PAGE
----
Mr John Joseph Bannon 1 was born in Liverpool, Lancashire, England on 19 December 1877 and was baptised on 31 December 1877 in St Sylvester's Church in that city.
Hailing from a Roman Catholic family, he was the son of labourer John Bannon and the former Sarah Hyland. Whilst his father's origins are not entirely certain, he may have been born in Liverpool in the early 1840s. His mother Sarah was Irish by birth (b. circa 1845)2. They were married in St Martin in the Fields Church, Liverpool on 8 August 1864, with Sarah indicated to have been a minor at the time.
John had five known siblings: Joseph William Edward (b. 24 April 1868), John (b. 1870), Amelia (b. 24 May 1873), Sarah (b. 1881) and Mary (b. 2 April 1886).
John's father does not appear on any census records with his family, indicating he may have gone on to hold a seafaring career. On the 1881 census John, his mother and siblings were residing at 8 Herbert Square, Hopwood Street, Liverpool. By the time of the 1901 census John was still at home with his family, then at 8 Milton Street, Bootle and he was described as an unmarried marine fireman.
Bannon first appears on shipping records in June 1897 when he was a trimmer aboard the Majestic, a ship with which he would have a long association. During 1899 he was seen working aboard the Cymric before returning to the Majestic until at least 1907. Between 1908 and 1909 he worked aboard several ships, including the Lusitania, Mauretania, Empress of Britain and Carmania.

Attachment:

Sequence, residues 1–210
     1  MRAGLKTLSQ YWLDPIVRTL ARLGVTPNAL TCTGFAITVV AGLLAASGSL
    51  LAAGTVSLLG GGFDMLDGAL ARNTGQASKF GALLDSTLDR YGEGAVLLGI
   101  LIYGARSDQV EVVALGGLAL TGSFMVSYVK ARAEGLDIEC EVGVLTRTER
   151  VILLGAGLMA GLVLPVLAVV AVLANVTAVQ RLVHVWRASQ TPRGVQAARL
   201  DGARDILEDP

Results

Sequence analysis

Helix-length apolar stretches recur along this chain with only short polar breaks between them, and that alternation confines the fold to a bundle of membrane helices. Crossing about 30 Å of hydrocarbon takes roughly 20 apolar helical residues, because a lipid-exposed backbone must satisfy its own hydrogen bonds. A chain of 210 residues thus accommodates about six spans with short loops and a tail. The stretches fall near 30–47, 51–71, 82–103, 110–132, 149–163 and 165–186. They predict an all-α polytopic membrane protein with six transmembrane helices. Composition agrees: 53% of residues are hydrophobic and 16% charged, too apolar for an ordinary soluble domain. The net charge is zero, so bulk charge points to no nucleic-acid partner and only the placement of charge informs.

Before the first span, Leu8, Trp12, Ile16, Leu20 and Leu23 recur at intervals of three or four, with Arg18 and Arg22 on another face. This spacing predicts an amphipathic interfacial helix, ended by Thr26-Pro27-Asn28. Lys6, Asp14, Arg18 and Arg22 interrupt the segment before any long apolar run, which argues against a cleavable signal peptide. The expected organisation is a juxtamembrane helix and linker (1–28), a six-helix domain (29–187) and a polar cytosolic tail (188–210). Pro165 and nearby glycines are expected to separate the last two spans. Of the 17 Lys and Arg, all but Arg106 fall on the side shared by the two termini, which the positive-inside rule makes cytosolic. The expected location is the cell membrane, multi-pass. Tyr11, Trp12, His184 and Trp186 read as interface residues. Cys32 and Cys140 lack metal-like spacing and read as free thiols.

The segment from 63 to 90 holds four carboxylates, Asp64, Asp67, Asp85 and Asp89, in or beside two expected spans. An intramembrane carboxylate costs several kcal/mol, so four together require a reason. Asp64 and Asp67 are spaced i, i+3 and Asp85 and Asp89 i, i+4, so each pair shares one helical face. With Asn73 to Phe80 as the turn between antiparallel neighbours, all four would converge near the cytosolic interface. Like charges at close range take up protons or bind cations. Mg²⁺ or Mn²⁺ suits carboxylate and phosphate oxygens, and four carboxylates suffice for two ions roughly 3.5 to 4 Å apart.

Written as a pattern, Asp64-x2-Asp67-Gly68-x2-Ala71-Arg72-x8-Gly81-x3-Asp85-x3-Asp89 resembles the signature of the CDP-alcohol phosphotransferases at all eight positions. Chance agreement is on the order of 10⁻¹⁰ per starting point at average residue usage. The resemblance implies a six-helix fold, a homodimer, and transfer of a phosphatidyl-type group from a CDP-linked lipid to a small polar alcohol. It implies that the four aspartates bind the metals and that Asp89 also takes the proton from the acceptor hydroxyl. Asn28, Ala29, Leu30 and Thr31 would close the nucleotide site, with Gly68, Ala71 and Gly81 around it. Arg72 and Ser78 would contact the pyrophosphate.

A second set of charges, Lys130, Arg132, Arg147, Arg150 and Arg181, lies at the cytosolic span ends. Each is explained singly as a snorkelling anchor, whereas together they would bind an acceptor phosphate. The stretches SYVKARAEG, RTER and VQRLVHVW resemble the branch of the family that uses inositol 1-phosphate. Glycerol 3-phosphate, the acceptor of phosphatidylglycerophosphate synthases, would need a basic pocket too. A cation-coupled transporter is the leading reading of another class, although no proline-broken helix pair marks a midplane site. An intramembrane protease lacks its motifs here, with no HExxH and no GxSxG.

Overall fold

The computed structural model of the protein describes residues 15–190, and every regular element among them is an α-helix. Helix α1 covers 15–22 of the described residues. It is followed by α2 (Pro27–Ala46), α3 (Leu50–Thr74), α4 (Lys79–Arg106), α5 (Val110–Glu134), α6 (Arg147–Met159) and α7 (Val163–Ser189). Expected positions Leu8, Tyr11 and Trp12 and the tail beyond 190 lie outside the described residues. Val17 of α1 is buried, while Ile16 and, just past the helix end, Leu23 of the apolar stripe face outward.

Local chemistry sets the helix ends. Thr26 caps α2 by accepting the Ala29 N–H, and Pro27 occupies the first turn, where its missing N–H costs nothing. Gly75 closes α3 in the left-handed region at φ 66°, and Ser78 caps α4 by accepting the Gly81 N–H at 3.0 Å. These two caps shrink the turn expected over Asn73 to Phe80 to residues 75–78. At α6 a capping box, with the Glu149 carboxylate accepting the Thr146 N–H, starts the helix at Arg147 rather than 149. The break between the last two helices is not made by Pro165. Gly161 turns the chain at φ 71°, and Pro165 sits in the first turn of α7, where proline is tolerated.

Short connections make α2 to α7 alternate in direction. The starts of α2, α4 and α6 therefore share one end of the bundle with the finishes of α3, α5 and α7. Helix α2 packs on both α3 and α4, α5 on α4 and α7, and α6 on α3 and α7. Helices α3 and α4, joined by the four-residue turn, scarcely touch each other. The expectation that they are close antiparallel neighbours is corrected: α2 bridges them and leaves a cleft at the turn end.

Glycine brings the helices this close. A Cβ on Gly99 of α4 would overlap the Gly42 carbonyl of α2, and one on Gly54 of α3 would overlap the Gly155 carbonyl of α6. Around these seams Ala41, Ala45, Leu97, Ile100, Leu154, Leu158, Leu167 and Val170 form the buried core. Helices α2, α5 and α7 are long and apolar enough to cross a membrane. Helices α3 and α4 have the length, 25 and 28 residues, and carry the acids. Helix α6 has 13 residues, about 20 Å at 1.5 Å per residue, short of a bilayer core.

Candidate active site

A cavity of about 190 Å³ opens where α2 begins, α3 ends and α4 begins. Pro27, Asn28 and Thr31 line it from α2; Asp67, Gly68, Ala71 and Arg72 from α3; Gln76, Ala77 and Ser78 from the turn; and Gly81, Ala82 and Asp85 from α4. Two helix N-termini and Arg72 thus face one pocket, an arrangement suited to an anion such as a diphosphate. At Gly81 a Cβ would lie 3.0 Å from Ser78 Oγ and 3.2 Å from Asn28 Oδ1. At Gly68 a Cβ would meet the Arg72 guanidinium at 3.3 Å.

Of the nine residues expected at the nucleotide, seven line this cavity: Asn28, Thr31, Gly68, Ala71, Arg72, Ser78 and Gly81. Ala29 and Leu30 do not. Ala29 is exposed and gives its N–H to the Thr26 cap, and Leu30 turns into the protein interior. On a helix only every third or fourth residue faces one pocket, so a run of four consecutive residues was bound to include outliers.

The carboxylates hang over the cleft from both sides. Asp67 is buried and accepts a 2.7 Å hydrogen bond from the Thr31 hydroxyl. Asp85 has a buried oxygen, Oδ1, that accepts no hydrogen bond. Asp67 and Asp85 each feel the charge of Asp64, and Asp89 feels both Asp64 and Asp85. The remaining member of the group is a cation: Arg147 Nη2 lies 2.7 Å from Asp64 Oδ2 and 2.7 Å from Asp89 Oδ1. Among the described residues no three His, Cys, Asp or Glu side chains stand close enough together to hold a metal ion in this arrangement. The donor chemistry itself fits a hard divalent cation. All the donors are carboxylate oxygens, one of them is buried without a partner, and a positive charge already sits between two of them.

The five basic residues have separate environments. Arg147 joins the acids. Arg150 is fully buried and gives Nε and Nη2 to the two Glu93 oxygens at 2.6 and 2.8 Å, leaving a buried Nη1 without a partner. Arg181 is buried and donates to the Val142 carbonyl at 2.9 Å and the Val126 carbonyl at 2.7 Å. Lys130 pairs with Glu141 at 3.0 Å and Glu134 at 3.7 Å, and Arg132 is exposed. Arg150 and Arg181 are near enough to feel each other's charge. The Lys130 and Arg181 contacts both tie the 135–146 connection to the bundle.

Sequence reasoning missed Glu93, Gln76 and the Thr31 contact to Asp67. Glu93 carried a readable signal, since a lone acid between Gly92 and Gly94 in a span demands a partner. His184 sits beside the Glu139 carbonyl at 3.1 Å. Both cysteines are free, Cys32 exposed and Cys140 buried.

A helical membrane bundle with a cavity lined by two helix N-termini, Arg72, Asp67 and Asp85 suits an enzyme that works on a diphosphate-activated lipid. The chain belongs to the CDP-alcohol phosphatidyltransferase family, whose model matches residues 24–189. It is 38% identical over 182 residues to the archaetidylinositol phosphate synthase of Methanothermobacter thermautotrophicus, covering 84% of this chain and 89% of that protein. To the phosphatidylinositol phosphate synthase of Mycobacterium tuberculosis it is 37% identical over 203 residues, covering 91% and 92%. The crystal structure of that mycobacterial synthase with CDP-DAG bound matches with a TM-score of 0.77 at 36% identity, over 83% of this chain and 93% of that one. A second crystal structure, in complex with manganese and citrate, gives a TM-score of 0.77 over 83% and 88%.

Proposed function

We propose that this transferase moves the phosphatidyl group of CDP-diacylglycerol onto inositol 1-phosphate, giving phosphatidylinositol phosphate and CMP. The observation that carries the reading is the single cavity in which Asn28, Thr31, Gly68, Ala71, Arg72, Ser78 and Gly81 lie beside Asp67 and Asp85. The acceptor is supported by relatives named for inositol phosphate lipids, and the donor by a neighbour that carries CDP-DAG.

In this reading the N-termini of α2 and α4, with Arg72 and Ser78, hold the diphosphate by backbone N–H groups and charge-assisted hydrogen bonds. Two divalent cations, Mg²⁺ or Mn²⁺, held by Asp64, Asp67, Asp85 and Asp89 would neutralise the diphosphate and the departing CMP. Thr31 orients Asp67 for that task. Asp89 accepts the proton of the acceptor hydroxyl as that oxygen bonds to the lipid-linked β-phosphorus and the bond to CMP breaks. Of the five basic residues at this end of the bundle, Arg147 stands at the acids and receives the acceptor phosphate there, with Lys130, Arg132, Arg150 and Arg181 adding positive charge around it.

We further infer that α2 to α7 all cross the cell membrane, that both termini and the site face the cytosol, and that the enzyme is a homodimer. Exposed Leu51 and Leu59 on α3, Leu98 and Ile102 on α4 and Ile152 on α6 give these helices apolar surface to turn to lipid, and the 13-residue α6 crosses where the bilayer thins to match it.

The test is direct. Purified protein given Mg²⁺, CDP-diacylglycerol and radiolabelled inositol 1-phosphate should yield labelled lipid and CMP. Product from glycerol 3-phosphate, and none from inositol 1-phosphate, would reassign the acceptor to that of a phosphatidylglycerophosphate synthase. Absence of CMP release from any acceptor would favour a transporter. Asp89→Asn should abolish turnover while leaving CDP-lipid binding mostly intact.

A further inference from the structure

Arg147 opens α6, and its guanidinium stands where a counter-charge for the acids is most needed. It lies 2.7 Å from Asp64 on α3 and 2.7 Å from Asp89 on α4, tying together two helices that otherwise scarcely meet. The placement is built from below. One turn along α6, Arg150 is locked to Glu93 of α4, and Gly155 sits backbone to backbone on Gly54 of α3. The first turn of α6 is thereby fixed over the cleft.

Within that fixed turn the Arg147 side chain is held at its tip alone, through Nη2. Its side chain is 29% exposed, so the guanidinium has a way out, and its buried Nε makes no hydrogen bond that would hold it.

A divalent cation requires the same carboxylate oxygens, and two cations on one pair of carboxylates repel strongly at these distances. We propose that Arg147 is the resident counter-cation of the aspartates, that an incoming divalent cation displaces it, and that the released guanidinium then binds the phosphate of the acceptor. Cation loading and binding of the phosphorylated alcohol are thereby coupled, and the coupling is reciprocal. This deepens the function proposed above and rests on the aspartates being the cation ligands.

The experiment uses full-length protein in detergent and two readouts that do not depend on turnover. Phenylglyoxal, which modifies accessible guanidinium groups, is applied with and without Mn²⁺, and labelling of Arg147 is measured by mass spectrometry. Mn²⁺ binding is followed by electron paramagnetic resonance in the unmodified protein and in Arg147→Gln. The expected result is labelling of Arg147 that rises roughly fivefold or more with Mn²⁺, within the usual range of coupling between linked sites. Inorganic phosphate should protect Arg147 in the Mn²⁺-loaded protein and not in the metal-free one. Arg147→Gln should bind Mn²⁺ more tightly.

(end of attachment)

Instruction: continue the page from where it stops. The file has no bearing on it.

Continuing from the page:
John was married in Southampton in the summer of 1910 to Mary Johanna Edwards (b. 1884 in Liverpool) and who had a child from a previous relationship, Johnny (b. 1902). John and Mary had one child of their own, a daughter named Mary Elizabeth who was welcomed on 23 January 1911. The 1911 census records the family residing at 35 Mount Street, Southampton although John was absent and likely at sea at the time.
When he signed on to the Titanic on 6 April 1912, Bannon gave his local address as 9 St Georges Street, Southampton and his previous ship as the Philadelphia. As a greaser he could expect to earn monthly wages of £6, 10s.
According to surviving greaser Thomas Patrick Dillon, he and Bannon were on the poop deck as the ship went under. Dillon later found Bannon afloat on a grating, but when Dillon was unable to climb aboard also he was forced to leave. He never saw Bannon again.
John Bannon died in the sinking and his body, if recovered, was never identified.
Bannon's widow Mary was remarried in 1917 to a Robert Thompson. She died in Southampton in 1951. Bannon's mother passed away in 1925.
His daughter Mary was married in 1930 to Thomas Noyce and they had three children: Thomas, David and Rosemary. What became of her thereafter is uncertain.